The Rural Medical Ethics Information Survey employed yes/no, multiple choice, and fill-in-the-blank questions drawn from the literature and from recommendations by the Rural Health Care Ethics Working Group – a group of rural medical educators and ethicists. The University of Texas Health Science Center San Antonio Institutional Review Board determined the survey to be exempt in June 2010. In Fall 2010, the researchers sent a recruitment email to all 133 U.S. member schools of the Association of American Medical Colleges (AAMC), and all 26 members of the American Association of Colleges of Osteopathic Medicine (AACOM). The emails were directed to the senior medical/osteopathic education official at each institution, asking them to either complete a survey on SurveyMonkey or to forward the survey link to someone within the organization who could appropriately respond (SurveyMonkey 2011). For schools that did not complete the survey, an email reminder was sent 3 weeks later. For schools that still did not complete the survey, a third email reminder was sent 4 weeks after that.
The researchers asked whether the school had a required or elective rural experience and the form of that experience. The officials were also queried as to whether they offered training specifically in rural health care ethics. Other information collected included demographics such as number of students in the student body, percentage of students originally from rural areas, the zip code of the school, and its self-identified distance from an urban center (i.e. the “rurality” of the location).
The mainly descriptive statistical analysis was performed with exploratory tests of association. Binary responses (yes/no items) were summarized by proportions, and their 95% confidence intervals (CIs) were constructed with the exact binomial method. These CIs can be constructed when there is no variation in the response (All yes or all no) and are conservative for small sample sizes especially in the finite population setting. The CIs for differences in proportion were based upon asymptotic assumptions. Non-responses were considered to be “no.” Associations between binary and unordered categorical responses were tested using Fisher’s exact method. Associations with ordered categorical responses (Distance to Urban) were tested using a permutation-based method (H. and C. 1999). Associations between binary outcomes and continuous variables (% Rural Residency) were tested using logistic regression. Correlations between continuous variables were tested with the Spearman Rank correlation test. The level of significance was chosen to be P = .05 with 2-sided alternatives. We conducted the analysis with the R statistical software(R Development Core Team 2006) and the “coin” R package (Hothorn et al. 2008). The authors created the summary tables with SAS software (SAS Institute Inc 2008).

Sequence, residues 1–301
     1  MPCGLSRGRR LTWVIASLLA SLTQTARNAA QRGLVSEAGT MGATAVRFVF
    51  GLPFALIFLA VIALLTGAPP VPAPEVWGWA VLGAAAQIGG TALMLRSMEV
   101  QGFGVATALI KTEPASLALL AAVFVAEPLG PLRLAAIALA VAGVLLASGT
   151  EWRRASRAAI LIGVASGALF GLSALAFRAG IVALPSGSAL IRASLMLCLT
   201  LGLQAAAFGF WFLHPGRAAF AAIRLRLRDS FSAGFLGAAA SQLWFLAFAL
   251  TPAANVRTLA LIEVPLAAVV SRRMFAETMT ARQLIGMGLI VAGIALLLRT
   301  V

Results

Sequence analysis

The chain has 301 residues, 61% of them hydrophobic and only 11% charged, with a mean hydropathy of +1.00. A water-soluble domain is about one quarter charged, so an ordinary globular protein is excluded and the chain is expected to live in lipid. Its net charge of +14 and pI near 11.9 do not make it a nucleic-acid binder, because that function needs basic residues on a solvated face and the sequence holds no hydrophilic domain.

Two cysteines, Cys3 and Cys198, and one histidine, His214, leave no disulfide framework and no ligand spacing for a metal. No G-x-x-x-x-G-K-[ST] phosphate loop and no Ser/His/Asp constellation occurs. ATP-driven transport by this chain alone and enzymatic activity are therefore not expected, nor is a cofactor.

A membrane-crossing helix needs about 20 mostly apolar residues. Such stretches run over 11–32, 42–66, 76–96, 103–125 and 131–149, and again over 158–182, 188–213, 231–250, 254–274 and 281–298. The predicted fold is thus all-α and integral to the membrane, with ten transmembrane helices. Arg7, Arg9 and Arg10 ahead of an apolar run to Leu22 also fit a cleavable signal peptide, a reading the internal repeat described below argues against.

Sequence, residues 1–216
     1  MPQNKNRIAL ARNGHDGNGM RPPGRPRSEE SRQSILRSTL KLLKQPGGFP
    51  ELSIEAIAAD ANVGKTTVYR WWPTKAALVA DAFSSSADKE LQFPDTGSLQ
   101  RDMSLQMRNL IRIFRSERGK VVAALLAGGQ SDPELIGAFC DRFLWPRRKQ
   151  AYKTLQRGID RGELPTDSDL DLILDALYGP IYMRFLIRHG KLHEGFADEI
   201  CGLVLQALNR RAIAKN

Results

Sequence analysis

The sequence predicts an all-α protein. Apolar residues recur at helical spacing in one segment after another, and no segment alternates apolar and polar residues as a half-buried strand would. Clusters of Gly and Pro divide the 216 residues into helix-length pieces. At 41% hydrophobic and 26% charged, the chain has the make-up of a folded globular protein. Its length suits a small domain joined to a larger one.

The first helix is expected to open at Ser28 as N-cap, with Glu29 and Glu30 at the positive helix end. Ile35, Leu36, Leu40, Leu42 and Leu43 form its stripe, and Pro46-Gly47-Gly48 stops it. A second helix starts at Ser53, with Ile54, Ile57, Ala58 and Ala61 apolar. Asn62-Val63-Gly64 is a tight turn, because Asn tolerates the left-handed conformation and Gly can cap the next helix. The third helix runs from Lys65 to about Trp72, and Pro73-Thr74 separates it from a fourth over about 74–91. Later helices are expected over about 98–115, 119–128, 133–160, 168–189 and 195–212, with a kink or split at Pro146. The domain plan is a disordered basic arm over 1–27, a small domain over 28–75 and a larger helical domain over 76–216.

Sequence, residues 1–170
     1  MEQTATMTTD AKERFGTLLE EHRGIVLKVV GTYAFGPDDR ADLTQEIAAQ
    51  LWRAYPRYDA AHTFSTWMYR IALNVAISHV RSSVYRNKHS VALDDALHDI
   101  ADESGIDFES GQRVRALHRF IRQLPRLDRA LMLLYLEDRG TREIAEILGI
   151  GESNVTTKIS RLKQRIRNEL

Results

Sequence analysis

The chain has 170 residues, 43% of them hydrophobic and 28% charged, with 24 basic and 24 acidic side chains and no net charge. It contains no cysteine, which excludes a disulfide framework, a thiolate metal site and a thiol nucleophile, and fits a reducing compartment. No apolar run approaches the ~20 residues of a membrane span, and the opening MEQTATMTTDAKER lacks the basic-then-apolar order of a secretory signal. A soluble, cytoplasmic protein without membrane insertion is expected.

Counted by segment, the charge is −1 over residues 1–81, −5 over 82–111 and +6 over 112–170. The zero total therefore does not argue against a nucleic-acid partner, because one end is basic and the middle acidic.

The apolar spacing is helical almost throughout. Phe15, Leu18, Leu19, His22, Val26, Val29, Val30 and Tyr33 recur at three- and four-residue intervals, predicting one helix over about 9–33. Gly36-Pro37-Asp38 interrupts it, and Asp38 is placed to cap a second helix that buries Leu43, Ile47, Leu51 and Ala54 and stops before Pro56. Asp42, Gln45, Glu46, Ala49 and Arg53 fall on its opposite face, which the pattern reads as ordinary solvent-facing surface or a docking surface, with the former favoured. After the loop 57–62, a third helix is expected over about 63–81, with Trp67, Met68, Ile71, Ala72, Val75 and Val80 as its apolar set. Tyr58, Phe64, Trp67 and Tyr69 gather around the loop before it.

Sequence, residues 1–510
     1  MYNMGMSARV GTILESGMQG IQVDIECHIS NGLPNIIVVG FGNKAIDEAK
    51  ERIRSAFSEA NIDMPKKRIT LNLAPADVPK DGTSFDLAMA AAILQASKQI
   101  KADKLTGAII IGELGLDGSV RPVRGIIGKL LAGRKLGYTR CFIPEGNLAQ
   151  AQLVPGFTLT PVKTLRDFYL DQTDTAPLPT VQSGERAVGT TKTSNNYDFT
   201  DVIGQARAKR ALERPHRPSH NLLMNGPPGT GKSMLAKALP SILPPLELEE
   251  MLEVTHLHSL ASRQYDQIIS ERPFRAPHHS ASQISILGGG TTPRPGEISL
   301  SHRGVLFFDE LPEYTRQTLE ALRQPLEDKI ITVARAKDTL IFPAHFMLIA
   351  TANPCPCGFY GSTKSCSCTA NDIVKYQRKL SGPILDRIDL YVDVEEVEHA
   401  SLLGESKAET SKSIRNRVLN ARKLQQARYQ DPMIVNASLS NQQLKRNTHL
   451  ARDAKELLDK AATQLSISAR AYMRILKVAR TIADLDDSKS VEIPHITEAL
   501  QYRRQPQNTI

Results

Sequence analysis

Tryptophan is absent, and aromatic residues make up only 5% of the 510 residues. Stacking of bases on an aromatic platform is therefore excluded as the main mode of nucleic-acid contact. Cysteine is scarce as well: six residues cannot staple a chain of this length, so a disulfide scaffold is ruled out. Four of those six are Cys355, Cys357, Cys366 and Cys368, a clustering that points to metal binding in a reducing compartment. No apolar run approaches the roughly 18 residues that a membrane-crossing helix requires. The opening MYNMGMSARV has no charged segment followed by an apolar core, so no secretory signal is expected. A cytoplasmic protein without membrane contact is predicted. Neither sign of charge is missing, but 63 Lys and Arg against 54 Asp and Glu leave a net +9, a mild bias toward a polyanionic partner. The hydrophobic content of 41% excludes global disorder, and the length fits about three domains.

Of the 159 schools surveyed, 124 completed the questionnaire (70.4% response rate). Of those, 16 identified as osteopathic schools (DO), 62 as allopathic (MD) and 46 did not offer a disciplinary identity. The researchers asked schools to classify their geographic location. Fifty-nine (47.6 %) indicated an urban location (0-5 miles from urban core), 3 (2.4 %) as suburban (6-20 miles from urban core), 3 (2.4 %) as exurban (21-50 miles from urban core), 8 (6.5 %) as rural (51 or more miles from urban core) and 51 (41.0 %) did not respond to this question. Since 73 schools also reported their zip code, this information was used to identify the schools Rural Urban Commuting Area Code (RUCA) classification (United States Department of Agriculture Economic Research Service 2005). Of these 73 schools, the mean RUCA code was 1.1 with a standard deviation of 0.5, meaning high-density development.
As Table 1 demonstrates, the researchers asked schools if they require a rural experience of all students. Thirty-two schools (29.4%) indicated that they had such a requirement. Additionally, many schools offer rural education tracks that may be required only of a specific subset of students. Some of these specialty tracks only accept students from rural areas while other tracks are intended for students who plan to practice in rural regions. Six schools (12.5%) require a rural experience only for students in these specialty programs. Sixty-two schools (61.4%) offer some form of an elective rural experience for their students. Schools that had required a rural educational experience for all or some of their students often also offer a rural elective experience, thus the categories are not mutually exclusive.